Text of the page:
The lawyer for slain rapper XXXTentacion said Tuesday that detectives believe he was fatally shot in a random robbery while likely planning to buy a motorcycle at an upscale shop near a residential neighborhood in South Florida.
Attorney David Bogenschutz said investigators also told him the 20-year-old rapper, who pronounced his stage name "Ex Ex Ex ten-ta-see-YAWN," had visited a bank shortly before the shooting and possibly withdrew cash for the purchase.
No arrests have been made in Monday's shooting at Riva Motorsports in Deerfield Beach.
XXXTentacion, whose real name was Jahseh Dwayne Onfroy, was exiting the shop's parking lot in his luxury BMW electric car when he was shot. The Broward Sheriff's Office says deputies are searching for two suspects who fled in a dark SUV.
On Tuesday morning, workers continued building a 6-foot (2-meter) wall around the property of the newly built home where XXXTentacion lived in Parkland, the same suburb of Fort Lauderdale where a gunman fatally shot 17 people at Marjory Stoneman Douglas High School in February.
Relatives and friends were in the house's yard but declined to comment.
Candles, a teddy bear and a large, signed sympathy card lined the front porch of the 5,957-square-foot (553-square-meter) home, which was purchased late last year for $1.4 million. Property records list the owners as Cleopatra Bernard, the singer's mother. Her name was tattooed across his chest.
Riva Motorsports is an upscale seller of motorcycles, boats, all-terrain vehicles and scooters off a main highway, next to railroad tracks and a neighborhood of tract homes.
On Tuesday afternoon a steady stream of fans had placed candles, flowers and teddy bears on the sidewalk near where he was shot, and decorated 100 yards (91 meters) of sidewalk with chalk art including messages of sympathy and loss such as "Feel for you XXX" and "4evr Young."
Myles O'Hara, 17, and Aaron Gavin, 20, sat on the curb, solemnly staring at the ground, mostly ignoring the people who moved past. They said they admired XXXTentacion because he was a local kid who rose from rough circumstances and was making a positive contribution.
"He had some legal allegations before, but the last year he had only been a positive influence on people's lives, making hit Billboard songs," O'Hara said. "He has been a kind person. You could look at his face and smile and he was just a normal kid like us ... His style is almost hard to explain. He had an angry tone. He meant everything he said, even the most simplistic words. It just came off his tongue like nothing. He was speaking his mind."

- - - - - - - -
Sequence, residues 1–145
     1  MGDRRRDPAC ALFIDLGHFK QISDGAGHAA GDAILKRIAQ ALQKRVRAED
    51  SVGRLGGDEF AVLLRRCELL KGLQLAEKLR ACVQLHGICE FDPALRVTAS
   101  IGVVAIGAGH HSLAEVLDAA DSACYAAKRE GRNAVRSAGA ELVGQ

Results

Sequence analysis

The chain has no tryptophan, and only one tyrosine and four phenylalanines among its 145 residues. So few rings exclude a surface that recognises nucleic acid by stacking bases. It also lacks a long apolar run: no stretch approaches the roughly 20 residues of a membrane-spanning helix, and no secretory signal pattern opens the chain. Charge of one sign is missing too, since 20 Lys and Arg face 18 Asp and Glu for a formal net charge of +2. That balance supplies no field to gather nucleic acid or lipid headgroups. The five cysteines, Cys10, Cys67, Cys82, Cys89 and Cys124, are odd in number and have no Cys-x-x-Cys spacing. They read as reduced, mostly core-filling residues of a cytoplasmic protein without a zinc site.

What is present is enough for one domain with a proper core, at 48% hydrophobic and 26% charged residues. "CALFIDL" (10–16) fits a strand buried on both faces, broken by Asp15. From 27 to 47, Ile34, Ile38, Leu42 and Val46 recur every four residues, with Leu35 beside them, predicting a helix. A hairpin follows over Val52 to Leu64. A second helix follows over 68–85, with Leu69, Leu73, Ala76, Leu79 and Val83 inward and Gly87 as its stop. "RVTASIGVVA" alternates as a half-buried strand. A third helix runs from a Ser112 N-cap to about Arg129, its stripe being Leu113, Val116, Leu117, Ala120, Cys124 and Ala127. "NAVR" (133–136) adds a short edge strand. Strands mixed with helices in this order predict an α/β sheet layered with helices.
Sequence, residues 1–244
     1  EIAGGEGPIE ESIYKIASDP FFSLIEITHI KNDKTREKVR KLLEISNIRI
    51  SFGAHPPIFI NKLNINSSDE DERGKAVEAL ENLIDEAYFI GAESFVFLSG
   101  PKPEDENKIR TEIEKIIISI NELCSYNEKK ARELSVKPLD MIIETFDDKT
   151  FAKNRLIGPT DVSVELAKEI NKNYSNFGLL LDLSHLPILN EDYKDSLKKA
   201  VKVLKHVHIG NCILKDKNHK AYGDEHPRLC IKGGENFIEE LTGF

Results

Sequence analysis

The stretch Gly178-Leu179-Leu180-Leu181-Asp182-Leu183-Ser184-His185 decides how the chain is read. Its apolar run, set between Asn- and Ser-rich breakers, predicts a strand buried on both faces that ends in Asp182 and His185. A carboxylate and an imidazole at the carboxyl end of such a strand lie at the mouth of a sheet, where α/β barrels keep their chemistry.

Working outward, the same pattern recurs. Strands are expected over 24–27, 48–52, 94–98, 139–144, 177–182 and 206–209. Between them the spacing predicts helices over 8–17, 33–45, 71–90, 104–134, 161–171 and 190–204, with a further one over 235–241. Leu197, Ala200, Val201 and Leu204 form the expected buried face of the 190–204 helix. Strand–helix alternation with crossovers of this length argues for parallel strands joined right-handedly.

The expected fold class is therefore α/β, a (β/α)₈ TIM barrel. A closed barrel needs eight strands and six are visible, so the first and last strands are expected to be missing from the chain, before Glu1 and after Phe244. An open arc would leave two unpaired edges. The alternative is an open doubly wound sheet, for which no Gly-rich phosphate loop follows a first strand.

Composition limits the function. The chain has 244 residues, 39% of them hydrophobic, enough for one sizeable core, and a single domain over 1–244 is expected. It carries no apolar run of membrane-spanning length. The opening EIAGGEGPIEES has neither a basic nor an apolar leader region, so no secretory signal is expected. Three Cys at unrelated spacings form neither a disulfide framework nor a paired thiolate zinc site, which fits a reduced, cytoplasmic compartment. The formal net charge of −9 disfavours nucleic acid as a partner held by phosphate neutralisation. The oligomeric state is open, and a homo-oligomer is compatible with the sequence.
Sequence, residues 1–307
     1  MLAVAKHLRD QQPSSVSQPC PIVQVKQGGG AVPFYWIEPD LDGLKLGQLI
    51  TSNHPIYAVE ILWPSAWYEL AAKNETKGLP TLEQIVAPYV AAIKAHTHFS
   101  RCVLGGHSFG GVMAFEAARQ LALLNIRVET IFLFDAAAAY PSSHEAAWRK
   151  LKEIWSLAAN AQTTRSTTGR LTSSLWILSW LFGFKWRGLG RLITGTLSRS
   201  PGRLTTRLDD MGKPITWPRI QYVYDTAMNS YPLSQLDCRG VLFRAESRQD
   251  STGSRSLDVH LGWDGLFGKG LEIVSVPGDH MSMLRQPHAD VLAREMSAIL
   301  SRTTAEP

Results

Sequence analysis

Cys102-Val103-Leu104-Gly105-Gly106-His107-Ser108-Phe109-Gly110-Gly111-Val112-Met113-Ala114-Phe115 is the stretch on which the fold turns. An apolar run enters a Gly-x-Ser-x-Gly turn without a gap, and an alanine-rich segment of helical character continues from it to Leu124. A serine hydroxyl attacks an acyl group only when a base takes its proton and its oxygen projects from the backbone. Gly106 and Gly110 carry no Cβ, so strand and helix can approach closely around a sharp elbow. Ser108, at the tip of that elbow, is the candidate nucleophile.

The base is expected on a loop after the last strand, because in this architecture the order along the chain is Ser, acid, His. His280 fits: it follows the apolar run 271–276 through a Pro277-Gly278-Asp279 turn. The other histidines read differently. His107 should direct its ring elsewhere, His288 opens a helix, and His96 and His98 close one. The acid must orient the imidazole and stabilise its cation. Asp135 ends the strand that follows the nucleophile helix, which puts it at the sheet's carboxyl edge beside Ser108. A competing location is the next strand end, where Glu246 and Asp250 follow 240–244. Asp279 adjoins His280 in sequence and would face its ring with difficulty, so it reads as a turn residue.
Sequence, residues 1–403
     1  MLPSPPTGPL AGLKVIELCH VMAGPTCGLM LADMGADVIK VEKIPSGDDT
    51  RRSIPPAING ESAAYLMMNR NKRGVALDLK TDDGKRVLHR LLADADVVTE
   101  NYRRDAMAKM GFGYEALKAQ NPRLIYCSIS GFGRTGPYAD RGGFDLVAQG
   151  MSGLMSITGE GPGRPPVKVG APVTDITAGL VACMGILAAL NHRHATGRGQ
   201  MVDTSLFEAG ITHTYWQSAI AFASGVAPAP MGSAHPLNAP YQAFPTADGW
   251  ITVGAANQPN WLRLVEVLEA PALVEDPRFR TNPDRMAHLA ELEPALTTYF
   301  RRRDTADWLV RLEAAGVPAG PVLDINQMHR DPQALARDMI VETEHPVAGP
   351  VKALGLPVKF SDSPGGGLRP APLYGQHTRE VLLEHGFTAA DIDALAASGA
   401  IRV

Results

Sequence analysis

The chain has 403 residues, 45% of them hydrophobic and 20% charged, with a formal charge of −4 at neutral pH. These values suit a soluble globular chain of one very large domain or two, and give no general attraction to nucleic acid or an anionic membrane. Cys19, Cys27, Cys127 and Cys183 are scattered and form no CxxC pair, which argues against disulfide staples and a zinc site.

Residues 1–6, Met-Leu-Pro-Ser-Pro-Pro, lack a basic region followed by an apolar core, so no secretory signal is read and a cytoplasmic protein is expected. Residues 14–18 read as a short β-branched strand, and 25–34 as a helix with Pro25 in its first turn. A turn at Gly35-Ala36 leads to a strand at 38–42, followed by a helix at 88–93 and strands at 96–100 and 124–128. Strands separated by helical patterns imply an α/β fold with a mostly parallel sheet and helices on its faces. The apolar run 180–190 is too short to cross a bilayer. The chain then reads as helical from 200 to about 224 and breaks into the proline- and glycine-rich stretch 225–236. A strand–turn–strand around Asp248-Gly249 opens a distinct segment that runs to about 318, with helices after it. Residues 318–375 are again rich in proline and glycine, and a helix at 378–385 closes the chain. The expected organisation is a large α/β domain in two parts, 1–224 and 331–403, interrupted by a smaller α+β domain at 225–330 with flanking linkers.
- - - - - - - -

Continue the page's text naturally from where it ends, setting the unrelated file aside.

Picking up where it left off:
Gavin said unlike other rappers whose songs emphasize buying expensive merchandise, he said XXXTentacion rapped about his emotions.
"X talked about how he felt instead of materialistic things like owning this car, this car, this house, this house," Gavin said.
Brandon Lang, a 29-year-old magazine owner, said XXXTentacion may have had an angry persona in his performance, but in reality he "did good things," pointing out that he had come home to perform in an upcoming charity show.
"He had all these mistakes that could have wound up defining him but he didn't let that happen," Lang said. "That is why he is connecting to all these kids because these kids are going through a really sad time, a sad world. He taught them how to cope."
The entertainer, who sported dreadlocks and facial tattoos, was a rising star. He notched a No. 1 album in March with his sophomore effort "?'' and had a top 10 hit with "Sad!" but was facing trial on charges that he beat up his pregnant girlfriend.
His brief career was marked by controversy. In 2016, he was arrested on charges including home invasion for a 2015 incident, and less than a month later was jailed on charges that he attacked his girlfriend, who was pregnant at the time. Later, he faced more charges including witness tampering.
In an interview this month with the Miami New Times, XXXTentacion described his upbringing, which included seeing his mother infrequently and being raised by friends, family and baby sitters. His mother bought him clothes, phones and other gifts. He said he used violence so she would engage with him.
In one video on social media, he said: "If worse things come to worse, I (expletive) die a tragic death or some (expletive), and I'm not able to see out my dreams, I at least want to know that the kids perceive my message and were able to make something of themselves."
He continued later: "I appreciate and love all of you and I believe in you all; do not let your depression make you, do not let your body define your soul, let your soul define your body. Your mind is limitless ... you are worth more than you can believe."
This story has been corrected to show the motorcycle dealer is named Riva Motorsports, not Riva Motosports.
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